Black Dossier was also a work that could become, for all of its lofty posturing, incredibly petty: the presentation of James Bond as a pathetic figure being kicked down by the true representation of British male heroism, Allan Quatermain. By all means kick down at James Bond and what he stands for – but by making the kicker another version of the colonialist conquering hero, whatever the scene might have had been trying to accomplish loses its value. It felt more like the creators “getting even” with Sean Connery for taking up the role of Quatermain in the abortive League of Extraordinary Gentlemen film (as if starring in that feature wasn’t a punishment enough by itself). This all came to a head in LoEG: Century – a comic book that appears to be a really elaborate and well-illustrated metaphor for an old man yelling at you kids to “get off his lawn and start reading good fiction, like he did when he was their age.”
It’s a very odd take for a writer who never seemed to buy into the idea of a golden age of any sort, the mythic “perfect past” has always been a subject of deconstruction for Moore. Century ends with Marry Poppins (literally) coming down from the heavens to (metaphorically) spank Harry Potter for being not only a bad boy but a bad book as well. And in case the book itself wasn’t clear enough, and it might be the least subtle thing Alan Moore had ever written, an interview later made the point explicit:
“I would say, that if you’re talking about a line of progress, if it can be called progress, that runs from Berthold Brecht’s Threepenny Opera, to Donald Cammell’s Performance, to Harry Potter, I don’t think you can really see that as anything but a decline.” (interview from http://www.comicsbeat.com/interview-with-alan-moore-part-1/).
The League of Extraordinary Gentlemen started by poking at Victorian fiction, but somewhere along the way he fell in love with these characters (or with the process of writing them) so much that he can’t let go, and thus they (the Old) triumph over the New and Young, establishing themselves as the eternal unending icons of Britannia. Throughout the 20th century (and the book Century) the League itself doesn’t really change; it’s Allan and Mina and Lando, the mythic past forever stepping over the corrupt and weak future.
Which brings us back to the first issue of The Tempest. In many ways, it is an improvement upon Black Dossier and Century – it seems to harken back to narrative presentation rather than posturing. There is definitely a story here, rather than a non-fiction essay disguised as a comic book. (Why yes, I am looking at you, Providence.) The plot starts right after the previous book and is often dense, but one can follow well enough, even without knowing all the details.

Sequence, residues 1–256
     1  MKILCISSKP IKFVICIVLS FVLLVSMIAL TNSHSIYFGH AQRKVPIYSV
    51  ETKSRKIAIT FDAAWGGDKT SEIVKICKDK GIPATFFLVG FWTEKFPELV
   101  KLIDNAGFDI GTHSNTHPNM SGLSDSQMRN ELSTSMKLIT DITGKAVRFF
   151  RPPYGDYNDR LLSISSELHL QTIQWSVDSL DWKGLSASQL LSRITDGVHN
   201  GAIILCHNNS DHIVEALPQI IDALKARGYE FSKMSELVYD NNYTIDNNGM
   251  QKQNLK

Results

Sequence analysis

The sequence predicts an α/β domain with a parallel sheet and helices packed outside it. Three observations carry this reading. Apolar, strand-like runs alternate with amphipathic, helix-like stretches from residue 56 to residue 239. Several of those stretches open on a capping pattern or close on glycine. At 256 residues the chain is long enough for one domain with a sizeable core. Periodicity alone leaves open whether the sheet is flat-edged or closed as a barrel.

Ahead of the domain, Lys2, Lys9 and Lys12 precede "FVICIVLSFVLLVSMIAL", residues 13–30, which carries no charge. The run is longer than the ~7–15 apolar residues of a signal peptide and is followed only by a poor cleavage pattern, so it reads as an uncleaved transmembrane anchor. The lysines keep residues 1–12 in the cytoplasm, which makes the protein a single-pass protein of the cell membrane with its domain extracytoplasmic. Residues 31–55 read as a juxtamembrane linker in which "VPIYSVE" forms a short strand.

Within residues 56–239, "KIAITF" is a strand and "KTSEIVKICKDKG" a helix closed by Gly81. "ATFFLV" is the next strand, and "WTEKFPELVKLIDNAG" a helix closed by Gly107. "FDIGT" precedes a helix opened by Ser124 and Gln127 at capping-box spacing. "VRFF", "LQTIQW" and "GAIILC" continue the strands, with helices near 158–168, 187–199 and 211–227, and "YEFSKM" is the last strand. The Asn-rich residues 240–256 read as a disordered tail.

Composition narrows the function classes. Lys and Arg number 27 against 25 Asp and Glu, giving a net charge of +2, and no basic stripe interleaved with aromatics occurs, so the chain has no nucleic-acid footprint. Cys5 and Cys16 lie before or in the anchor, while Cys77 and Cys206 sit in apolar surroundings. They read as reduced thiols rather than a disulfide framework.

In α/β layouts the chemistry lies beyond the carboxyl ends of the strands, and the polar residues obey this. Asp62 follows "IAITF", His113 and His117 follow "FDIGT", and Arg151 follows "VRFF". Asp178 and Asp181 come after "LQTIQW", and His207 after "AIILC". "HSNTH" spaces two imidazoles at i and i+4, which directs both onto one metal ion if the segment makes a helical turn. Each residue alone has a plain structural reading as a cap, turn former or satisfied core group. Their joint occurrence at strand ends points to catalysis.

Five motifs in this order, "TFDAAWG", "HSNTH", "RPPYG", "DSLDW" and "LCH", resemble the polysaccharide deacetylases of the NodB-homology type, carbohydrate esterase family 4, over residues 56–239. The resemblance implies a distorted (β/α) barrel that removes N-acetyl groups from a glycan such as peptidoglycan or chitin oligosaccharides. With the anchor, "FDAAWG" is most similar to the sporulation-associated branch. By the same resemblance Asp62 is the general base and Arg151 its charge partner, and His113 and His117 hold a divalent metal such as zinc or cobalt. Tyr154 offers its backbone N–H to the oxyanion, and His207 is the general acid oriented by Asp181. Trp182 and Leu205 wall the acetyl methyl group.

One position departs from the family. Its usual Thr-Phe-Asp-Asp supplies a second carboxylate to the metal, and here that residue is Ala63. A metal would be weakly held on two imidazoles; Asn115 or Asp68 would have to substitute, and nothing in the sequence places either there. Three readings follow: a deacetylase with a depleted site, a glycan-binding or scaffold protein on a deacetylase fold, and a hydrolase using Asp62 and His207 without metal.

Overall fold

Again, on the surface level there is little to complain about: despite costing the head-shaking price of $4.99, there is much to recommend here: Alan Moore still knows how to think through a multi-temporal and multi-spatial narrative like no one else can; juggling multiple plot threads from all the previous books without losing his sense of rhythm. The art team is still firing on all cylinders. Kevin O’Neill, in particular, always brings to his work a sort of twisted savage undertone – straddling the line between serious science-fiction epic and grotesque. So far, Tempest is less flashy than the two previous volumes; the only break from traditional storytelling is a series of pages portrayed in the form of black and white daily newspaper strips (though one could complain that such a serial wouldn’t waste a week’s worth of strips on people expositing at one another with one decent fisticuffs moment), which just serve to remind you how great at their job all the people involved are.
This is a capable book by very capable people, people obviously doing their best with a large amount of artistic freedom. And yet… there is something tired about the whole affair. The League of Extraordinary Gentlemen is no longer a story, it is this gigantic fictional structure. A whole world held inside Moore’s and O’Neill’s heads, which they are very busy transcribing to us, making sure it all “makes sense” in terms of tying together pretty much every piece of fiction they can lay their hands on. It’s a heroic effort, but like reading The Silmarillion, the question that arises is: why should I care? The story is not a story and the characters are not characters – they are a delivery mechanism to an act of world building.
At this point me continuing to read Tempest is based mostly on kinetic energy; I’ve already made it this far, might as well see it through the end. And I’m genuinely curious to see the final trick Moore and O’Neill are planning for their grand exit. I truly hope that there is something more here, that this whole saga has greater ambition than creating the most ambitious crossover fanfic in human history. These creators delivered better before, and hopefully they’ll deliver better again.